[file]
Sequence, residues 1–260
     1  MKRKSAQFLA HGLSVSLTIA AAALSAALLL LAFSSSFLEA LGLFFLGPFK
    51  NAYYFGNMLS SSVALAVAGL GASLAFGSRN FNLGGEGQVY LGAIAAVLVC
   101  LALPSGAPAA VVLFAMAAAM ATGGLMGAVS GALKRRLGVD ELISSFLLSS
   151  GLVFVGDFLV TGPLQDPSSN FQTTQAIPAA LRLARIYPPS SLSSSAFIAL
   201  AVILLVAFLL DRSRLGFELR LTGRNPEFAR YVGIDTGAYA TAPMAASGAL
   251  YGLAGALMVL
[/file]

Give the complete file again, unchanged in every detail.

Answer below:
Sequence, residues 1–260
     1  MKRKSAQFLA HGLSVSLTIA AAALSAALLL LAFSSSFLEA LGLFFLGPFK
    51  NAYYFGNMLS SSVALAVAGL GASLAFGSRN FNLGGEGQVY LGAIAAVLVC
   101  LALPSGAPAA VVLFAMAAAM ATGGLMGAVS GALKRRLGVD ELISSFLLSS
   151  GLVFVGDFLV TGPLQDPSSN FQTTQAIPAA LRLARIYPPS SLSSSAFIAL
   201  AVILLVAFLL DRSRLGFELR LTGRNPEFAR YVGIDTGAYA TAPMAASGAL
   251  YGLAGALMVL